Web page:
Daisy licked her lips like a pleased cat, and even Tom sipped his drink with a kind of somber respect for its quality. Nick drank more cautiously, and I remembered that the Middle West had crashed into Prohibition faster and more readily than the rest of us had. The demoniac was older and richer than what even Aunt Justine kept carefully locked away in the Park Avenue apartment we shared. It stung my lips and warmed my throat until I imagined myself breathing out flickers of candle flame. Legend said it could make tyrants from good men, but it only made me a little mean.
“Drink up,” I told Nick. “This isn’t St. Paul. You’re in New York now, even if you do live in West Egg.”
He blinked at me slowly, that slight smile still on his face.
“I do, though I hardly know anyone there.”
“I do,” I said. “And you must. You must know Gatsby.”
“Gatsby? What Gatsby?” asked Daisy, blinking at me. Her eyes were dilated almost black and she had bitten some of the lipstick off of her lower lip. I was about to tease her for being no better with demon’s blood than Nick was when dinner was announced.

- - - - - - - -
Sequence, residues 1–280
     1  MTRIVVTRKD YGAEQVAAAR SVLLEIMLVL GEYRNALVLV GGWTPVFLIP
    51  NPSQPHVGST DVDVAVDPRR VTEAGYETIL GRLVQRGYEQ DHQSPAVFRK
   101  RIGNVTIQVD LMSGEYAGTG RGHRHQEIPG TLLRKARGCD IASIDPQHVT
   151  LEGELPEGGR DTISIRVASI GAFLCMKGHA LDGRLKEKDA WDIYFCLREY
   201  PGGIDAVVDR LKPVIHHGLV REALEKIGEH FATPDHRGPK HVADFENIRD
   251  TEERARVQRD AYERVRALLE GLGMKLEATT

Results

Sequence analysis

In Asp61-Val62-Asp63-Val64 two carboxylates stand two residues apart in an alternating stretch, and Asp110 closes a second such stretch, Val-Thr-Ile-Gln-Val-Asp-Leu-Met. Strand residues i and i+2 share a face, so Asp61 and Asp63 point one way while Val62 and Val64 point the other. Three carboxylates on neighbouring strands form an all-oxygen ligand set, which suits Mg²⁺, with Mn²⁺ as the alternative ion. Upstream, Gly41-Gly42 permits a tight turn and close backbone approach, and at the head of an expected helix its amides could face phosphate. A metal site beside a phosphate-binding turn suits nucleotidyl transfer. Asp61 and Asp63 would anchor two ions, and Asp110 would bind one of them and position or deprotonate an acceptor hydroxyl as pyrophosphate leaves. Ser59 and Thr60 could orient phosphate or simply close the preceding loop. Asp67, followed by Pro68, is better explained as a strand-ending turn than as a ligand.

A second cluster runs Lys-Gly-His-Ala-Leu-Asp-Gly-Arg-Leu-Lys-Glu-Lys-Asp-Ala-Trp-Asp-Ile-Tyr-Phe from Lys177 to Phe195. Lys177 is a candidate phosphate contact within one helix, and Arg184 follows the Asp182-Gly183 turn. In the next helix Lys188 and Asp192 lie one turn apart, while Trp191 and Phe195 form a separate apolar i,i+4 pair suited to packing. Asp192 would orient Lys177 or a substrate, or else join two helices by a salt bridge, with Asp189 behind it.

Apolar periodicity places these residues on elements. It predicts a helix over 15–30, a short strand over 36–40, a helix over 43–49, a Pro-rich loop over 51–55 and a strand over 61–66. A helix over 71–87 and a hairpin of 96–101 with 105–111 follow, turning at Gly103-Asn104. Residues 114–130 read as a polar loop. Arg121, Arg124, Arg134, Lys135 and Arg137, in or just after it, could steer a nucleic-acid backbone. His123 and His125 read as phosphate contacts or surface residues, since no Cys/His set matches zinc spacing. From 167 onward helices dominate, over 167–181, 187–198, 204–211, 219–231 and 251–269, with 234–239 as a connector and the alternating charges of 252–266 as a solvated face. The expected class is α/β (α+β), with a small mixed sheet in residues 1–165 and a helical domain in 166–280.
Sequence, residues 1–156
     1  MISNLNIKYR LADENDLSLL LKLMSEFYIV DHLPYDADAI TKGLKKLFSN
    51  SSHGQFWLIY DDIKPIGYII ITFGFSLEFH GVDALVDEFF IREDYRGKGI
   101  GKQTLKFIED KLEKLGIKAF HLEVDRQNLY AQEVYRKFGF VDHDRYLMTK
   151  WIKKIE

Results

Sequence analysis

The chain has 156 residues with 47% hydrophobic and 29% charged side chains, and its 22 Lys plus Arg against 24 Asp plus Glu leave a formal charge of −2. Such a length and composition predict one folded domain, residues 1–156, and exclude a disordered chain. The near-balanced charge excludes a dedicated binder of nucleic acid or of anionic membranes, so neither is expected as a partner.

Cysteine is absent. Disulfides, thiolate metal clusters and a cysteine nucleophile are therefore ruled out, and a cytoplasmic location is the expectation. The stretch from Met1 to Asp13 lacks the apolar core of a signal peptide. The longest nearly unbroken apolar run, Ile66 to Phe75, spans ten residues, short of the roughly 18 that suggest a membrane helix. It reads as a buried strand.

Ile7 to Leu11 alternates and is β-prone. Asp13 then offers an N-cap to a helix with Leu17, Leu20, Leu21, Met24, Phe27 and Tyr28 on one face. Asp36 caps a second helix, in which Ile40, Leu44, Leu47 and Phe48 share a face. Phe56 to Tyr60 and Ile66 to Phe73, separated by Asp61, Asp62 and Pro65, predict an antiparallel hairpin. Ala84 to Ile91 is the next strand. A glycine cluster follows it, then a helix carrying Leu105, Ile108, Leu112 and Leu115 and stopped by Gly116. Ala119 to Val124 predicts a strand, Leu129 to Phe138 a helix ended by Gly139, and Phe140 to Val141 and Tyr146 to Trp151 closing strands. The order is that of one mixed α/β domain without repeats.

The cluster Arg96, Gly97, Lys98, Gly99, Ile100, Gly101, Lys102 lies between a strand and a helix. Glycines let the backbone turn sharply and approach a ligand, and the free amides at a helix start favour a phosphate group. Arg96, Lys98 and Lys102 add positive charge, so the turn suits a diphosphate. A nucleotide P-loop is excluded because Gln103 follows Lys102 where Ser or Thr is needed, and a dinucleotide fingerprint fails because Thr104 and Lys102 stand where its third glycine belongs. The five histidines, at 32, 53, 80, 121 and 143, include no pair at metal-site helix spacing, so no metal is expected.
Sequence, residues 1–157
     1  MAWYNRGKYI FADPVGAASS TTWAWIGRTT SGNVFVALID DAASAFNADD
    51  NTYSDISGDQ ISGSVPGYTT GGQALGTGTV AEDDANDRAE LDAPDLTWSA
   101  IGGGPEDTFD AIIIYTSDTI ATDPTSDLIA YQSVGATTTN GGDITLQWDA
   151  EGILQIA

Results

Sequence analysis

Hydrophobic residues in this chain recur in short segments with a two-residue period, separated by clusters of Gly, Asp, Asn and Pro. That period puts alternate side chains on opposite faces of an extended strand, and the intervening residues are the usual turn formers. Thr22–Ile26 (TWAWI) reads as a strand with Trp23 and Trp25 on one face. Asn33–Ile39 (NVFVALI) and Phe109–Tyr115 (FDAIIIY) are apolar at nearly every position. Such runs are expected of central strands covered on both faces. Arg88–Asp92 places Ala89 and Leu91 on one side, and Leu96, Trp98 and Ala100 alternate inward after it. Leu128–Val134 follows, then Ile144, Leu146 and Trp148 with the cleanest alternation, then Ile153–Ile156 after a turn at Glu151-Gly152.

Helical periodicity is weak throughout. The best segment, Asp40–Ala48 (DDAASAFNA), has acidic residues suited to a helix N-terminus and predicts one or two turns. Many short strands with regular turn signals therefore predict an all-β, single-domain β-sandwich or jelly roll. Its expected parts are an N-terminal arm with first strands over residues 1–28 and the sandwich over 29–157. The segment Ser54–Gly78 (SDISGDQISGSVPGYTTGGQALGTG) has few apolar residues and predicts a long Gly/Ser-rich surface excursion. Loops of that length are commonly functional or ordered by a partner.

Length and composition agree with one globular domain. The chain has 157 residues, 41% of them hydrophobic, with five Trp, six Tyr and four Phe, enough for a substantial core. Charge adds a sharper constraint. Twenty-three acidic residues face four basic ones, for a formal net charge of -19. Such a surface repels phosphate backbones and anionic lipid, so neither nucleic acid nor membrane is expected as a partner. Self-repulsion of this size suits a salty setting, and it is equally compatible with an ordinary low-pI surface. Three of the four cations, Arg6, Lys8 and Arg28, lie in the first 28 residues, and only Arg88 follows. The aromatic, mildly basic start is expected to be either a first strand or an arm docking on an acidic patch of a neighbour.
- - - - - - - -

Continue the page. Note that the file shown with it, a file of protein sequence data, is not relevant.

Daisy came to take my arm, cutting me off from Nick and Tom as neatly as a sheepdog would, and when she leaned against me, I could smell the bitter almond and candied lemon scent of the demoniac on her breath.
“I need to talk to Nick. Alone, do you understand?” she said, her words hurried and slurred, and I stared at her. She sounded nearly drunk, slightly unsteady on her feet. She never drank to drunkenness that I knew of, save once. The darkness in her eyes and the slight unsteadiness in her step was for something else, and I hastily agreed.